Paul Steinberg
Surviving the Storm: Environmental Policy Reform in Unstable Political Systems

April 12, 2010
Paul Steinberg
Paul Steinberg discusses the difficulties in designing sustainable environmental policies and institutions in political systems with substantial instability.

YouTube video of the event

Environmental sustainability requires long-term political commitments to the protection of environmental resources. Yet most of the world’s countries, particularly in the developing world and post-communist states, are subject to chronic political and economic upheaval, making any effort at institution-building a daunting task. We will consider this practical challenge from the analytic vantage point of theories of policy change and mechanisms of institutional reproduction. The results carry important implications for environmental policy and for comparative politics research on institutional stability and change.

Paul Steinberg is an associate professor of Political Science and Environmental Policy at Harvey Mudd College and a visiting scholar at UC Berkeley’s Department of Environmental Science, Policy and Management. His books include Environmental Leadership in Developing Countries (MIT Press, 2001) and Comparative Environmental Politics (MIT Press, forthcoming 2010). See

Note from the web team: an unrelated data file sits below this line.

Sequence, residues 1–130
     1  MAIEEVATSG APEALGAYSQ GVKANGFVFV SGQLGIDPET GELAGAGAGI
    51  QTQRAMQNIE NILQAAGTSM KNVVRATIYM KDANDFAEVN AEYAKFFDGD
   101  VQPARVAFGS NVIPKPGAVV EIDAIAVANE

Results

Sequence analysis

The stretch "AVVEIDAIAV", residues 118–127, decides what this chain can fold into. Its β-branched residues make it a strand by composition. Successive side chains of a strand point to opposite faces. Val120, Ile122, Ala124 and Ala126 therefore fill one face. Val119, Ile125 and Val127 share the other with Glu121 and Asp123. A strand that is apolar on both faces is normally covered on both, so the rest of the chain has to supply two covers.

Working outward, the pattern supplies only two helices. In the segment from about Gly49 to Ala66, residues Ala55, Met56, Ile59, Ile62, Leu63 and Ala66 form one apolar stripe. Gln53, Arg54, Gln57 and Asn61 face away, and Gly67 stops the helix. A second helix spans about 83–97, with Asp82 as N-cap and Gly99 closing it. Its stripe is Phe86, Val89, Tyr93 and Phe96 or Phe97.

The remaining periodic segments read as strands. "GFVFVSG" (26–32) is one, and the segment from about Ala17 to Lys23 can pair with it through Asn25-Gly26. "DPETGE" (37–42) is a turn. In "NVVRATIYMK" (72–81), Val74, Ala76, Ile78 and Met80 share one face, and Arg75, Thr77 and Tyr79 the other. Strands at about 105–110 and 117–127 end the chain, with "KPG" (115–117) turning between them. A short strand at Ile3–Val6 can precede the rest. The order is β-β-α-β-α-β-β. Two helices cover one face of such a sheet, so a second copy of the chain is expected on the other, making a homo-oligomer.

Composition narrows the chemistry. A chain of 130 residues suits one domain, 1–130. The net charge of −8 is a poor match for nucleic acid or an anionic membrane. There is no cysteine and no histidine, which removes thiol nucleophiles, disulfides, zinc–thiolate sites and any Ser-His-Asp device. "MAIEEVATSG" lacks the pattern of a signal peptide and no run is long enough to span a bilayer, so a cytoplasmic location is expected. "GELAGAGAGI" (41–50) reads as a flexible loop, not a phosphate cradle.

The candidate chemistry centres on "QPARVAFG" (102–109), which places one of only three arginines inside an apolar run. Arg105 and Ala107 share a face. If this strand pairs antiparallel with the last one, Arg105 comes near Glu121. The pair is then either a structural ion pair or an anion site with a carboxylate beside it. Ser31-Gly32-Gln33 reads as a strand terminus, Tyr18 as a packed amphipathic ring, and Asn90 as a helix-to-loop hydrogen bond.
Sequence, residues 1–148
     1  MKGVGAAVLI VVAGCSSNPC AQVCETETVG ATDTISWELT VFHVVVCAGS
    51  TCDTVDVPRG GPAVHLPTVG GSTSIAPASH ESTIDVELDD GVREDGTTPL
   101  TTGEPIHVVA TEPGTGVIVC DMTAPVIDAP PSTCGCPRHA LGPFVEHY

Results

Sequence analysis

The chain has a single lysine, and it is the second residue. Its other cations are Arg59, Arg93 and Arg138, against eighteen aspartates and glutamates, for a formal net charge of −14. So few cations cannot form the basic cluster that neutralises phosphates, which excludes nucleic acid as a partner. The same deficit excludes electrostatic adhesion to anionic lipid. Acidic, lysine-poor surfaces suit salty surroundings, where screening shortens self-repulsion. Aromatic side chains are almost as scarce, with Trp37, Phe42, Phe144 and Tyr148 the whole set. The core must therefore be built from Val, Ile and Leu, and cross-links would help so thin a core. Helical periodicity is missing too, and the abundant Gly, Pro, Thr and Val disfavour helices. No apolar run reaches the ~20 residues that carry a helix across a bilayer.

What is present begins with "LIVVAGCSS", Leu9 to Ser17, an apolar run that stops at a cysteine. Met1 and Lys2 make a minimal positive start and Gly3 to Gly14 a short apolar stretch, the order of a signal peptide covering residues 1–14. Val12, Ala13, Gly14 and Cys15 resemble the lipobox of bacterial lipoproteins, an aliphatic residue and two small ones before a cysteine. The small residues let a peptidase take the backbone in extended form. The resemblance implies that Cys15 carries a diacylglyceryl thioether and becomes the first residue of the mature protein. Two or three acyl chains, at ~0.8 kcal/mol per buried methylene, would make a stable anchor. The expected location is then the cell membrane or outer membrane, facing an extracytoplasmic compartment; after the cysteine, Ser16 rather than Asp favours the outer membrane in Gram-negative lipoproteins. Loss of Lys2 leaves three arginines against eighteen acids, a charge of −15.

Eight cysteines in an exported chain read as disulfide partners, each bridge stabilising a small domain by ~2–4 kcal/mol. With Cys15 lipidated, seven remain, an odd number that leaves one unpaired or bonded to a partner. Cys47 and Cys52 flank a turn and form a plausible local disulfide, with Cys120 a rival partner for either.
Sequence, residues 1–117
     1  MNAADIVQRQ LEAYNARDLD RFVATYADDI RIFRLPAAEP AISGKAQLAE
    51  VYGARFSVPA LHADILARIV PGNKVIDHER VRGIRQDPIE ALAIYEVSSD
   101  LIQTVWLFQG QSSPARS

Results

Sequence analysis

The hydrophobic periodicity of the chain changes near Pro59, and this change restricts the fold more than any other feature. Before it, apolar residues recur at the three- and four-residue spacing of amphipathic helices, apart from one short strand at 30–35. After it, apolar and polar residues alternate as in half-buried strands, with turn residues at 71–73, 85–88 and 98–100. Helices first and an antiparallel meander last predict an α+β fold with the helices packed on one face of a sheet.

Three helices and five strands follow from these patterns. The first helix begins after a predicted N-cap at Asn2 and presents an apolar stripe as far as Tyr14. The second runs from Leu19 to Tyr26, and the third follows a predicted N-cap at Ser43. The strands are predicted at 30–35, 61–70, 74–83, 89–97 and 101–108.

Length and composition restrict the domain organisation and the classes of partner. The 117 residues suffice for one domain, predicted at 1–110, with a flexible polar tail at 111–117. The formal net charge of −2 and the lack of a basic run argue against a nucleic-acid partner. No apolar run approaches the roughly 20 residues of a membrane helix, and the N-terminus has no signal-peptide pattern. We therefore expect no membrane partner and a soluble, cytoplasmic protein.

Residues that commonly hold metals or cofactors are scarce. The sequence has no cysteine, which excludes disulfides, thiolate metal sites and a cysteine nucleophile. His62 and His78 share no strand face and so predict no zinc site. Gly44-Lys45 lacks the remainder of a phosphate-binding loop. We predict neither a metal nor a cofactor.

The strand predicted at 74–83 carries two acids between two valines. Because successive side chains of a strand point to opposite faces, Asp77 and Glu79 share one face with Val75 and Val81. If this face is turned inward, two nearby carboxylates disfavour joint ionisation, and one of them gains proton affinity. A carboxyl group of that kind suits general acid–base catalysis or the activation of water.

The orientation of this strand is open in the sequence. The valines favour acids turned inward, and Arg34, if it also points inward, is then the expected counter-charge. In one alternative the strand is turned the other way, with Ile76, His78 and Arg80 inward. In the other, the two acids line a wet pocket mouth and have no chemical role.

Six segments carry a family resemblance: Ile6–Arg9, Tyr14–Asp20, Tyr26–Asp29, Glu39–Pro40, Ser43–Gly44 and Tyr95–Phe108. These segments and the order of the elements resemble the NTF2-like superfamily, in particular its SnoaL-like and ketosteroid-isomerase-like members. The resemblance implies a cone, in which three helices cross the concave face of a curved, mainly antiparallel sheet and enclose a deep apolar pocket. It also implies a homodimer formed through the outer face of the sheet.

Paul Steinberg

Paul Steinberg argued for the importance of institutional ties both with countries and internationally to help stabilize environmental protections when governments are unstable.

Paul Steinberg with student

Paul Steinberg talks with an interested student after his presentation.



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